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Elderly households become key factor in domestic consumption

With the aged population growing rapidly in the country, it is becoming an increasingly urgent policy task to increase spending by elderly households while preventing them from falling below the poverty line.

According to a study by the Hyundai Research Institute, a private think tank, the proportion of householders aged 60 and older is projected to rise from 28.1 percent in 2014 to 35.2 percent in 2020 and 46.9 percent in 2030. In contrast, the corresponding figure for those in their 30s-50s is forecast to decline from 64.5 percent to 57.4 percent and 47.8 percent over the cited years.

It is perceived that consumption by Koreans falls steeply when they become senior citizens due to a tumble in their income.

A report released by the National Pension Research Institute last week suggested data to back up this perception. Consumption spending by Koreans aged 65 and older amounted to 63.3 percent of the country’s average household consumption expenditure in 2014, down from 68.9 percent in 2005. The figure was far lower than 81.5 percent in the U.S. and 86.8 percent in Japan.

The report attributed the sharp drop in Korean seniors’ spending to their low income. The average income of elderly people in the country remained at 63.9 percent of the median for all Koreans, much lower than 71.7 percent in the U.S. and 81.5 percent in Japan.

Korea’s elderly poverty rate -- the proportion of households that earn 50 percent or less of median household disposable income -- is the highest among the 34 member states of the Organization for Economic Cooperation and Development. According to a study by the Korea Labor Institute, the poverty rate for senior Koreans stood at 47.2 percent in 2014.

The NPRI report said that Korean seniors’ consumption focused on food, homes and health, while younger Koreans and elderly people in the U.S. and Japan spent more on entertainment and cultural activities.

Findings in the report, however, may seem unmatched with a growing number of senior shoppers crowding department stores in Seoul and other large cities across the country.

According to industry sources, people aged 60 and above account for more than 10 percent of customers of the country’s three major department stores, with their purchases growing at a faster pace than those by other age groups. Senior customers now spend money to satisfy their own needs rather than buy items for their grandchildren as was often the case in the past.

According to data from the national statistical office, the average monthly consumption expenditure by households composed of people aged 60 and older increased from 1.48 million won in 2010 to 1.67 million won in the first three quarters of 2015. Their monthly disposable income on average also gained from 1.97 million won to 2.42 million won over the cited period, with the increase rate of 23 percent exceeding the overall growth pace of 21 percent.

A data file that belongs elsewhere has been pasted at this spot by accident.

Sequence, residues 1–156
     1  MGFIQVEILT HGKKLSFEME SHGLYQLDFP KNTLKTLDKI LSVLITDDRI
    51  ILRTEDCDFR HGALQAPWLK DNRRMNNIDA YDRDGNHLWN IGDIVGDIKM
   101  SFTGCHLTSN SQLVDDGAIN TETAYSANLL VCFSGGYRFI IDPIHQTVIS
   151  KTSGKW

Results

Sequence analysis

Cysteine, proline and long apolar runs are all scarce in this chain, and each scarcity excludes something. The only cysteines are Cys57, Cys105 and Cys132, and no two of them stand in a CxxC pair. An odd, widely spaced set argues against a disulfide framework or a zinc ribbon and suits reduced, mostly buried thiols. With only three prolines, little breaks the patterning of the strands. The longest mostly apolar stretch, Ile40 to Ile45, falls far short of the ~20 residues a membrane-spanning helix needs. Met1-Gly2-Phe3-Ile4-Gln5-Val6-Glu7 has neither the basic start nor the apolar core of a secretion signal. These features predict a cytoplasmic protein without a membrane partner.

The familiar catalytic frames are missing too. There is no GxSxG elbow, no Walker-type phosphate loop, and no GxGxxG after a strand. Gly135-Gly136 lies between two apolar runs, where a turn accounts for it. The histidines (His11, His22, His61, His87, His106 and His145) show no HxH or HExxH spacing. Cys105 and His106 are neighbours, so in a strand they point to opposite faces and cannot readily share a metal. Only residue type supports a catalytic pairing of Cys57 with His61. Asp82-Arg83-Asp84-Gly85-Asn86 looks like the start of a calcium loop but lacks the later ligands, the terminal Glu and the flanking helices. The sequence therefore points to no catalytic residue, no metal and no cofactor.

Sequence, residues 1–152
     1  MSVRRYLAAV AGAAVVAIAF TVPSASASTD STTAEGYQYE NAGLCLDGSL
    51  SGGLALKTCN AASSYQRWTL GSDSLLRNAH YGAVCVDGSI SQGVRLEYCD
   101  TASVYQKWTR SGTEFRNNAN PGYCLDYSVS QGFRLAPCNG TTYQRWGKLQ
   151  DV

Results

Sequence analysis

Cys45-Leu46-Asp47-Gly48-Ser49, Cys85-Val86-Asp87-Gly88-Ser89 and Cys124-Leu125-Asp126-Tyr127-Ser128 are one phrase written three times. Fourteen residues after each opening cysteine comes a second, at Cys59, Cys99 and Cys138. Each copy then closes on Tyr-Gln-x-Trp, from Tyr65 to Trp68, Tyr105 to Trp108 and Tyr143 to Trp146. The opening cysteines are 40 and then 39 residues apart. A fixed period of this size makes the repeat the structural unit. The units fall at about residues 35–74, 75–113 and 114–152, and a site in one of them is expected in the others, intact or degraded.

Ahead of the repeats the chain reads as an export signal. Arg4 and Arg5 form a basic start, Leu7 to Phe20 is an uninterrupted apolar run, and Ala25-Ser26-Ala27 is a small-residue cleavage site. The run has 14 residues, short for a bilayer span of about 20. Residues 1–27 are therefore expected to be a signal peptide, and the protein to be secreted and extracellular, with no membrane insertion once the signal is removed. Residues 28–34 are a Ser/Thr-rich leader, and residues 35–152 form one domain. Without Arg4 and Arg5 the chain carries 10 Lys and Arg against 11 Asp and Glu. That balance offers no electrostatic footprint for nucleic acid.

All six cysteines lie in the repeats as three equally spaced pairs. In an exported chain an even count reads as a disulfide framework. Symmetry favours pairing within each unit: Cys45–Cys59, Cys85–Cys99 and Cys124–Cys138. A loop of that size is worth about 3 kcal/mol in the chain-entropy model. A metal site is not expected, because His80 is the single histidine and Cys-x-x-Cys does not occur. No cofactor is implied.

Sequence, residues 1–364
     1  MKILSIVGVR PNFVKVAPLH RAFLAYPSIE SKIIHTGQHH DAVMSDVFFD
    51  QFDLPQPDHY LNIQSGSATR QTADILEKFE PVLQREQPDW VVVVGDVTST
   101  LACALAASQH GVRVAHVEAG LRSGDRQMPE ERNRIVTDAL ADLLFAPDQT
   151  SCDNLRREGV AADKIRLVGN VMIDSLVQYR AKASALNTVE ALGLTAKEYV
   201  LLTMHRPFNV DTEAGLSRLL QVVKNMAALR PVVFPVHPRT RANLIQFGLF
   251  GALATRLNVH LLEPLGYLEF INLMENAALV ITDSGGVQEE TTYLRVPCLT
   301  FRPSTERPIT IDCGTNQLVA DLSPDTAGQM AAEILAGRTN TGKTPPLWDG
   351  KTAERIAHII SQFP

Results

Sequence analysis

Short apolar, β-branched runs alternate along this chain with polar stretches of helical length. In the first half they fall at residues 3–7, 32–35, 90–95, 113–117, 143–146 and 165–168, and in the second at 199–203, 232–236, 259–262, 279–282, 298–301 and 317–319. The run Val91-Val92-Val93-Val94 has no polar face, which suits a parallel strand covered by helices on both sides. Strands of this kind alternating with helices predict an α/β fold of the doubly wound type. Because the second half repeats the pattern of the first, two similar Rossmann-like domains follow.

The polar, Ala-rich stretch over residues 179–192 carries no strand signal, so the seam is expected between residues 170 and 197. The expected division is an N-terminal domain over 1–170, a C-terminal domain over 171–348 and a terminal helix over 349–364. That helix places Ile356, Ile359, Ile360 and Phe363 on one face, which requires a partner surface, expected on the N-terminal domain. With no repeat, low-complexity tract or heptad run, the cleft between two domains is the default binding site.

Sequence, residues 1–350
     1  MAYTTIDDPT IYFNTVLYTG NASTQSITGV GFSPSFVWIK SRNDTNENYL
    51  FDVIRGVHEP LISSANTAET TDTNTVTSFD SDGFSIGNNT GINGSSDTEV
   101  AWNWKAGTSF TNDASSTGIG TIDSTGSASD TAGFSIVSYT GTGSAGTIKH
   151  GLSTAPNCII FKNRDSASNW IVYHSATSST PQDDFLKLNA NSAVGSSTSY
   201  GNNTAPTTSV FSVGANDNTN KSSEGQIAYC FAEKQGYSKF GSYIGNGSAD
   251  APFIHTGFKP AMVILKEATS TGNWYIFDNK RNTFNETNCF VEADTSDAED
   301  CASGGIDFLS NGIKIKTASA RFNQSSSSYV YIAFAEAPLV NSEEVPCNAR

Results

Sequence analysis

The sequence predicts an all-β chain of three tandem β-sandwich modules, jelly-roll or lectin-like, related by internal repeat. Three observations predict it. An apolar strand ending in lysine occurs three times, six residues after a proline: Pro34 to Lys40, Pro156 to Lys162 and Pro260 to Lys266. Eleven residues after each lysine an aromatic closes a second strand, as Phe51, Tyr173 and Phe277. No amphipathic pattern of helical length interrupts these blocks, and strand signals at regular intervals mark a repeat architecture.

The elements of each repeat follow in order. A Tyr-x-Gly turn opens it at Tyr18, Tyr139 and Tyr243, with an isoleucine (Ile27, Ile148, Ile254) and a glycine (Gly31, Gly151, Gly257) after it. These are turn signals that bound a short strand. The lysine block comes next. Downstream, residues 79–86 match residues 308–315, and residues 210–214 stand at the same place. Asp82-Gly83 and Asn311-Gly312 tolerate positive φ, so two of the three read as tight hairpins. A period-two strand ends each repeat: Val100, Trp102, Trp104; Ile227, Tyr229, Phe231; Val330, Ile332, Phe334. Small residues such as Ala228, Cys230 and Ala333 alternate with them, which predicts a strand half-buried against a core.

In the January-September period of last year, elderly households’ consumption propensity -- the ratio of net consumption to disposable income -- stood at 71.4 percent, higher than the numbers for other households except those with 40-something householders.

Analysts indicate the pattern of spending by elderly people is becoming increasingly divergent in a reflection of growing income inequality among them and more active economic activities by those entering their 60s lately.

Recent data from Statistics Korea showed the number of employees aged 60 and over increased by 172,000 last year, compared to 149,000 for those in their 50s and 68,000 for 20-somethings. The figure for 30-somethings was down by 38,000, falling for the ninth consecutive year.

“The growing number of elderly households is one of key factors that will bring changes to domestic consumption markets,” said Kim Cheon-koo, a researcher at the Hyundai institute. He said aging-friendly industries can and should be nurtured as new growth engines for the country’s economy that is increasingly looking to domestic demand for growth amid a prolonged slump in exports.

The Korea Health Industry Development Institute estimates markets targeting silver generations -- including leisure, beauty, eatery and health care -- will grow to be worth 125 trillion won ($103 billion) by 2020.

Economists indicate that the government needs to implement more effective and substantial policies to induce rich elderly people to increase consumption on one hand and bolster income for less affluent seniors on the other.

In their briefing to President Park Geun-hye last week, economic policymakers said they would come up with a set of measures in the second quarter to encourage more retired householders to use reverse mortgages. Expanding the scheme may be instrumental in increasing disposable income of many debt-ridden households in a country where real estate properties account for nearly 80 percent of assets held by householders aged 55-74.

As of the end of last year, only 1 percent of the country’s homeowners aged 60 and above subscribed to the reverse mortgage program, showing they regard their houses as an asset that should be handed to their children. It may be a matter of time, however, that changing demographic structure and lifestyle will alter this attitude.

By Kim Kyung-ho (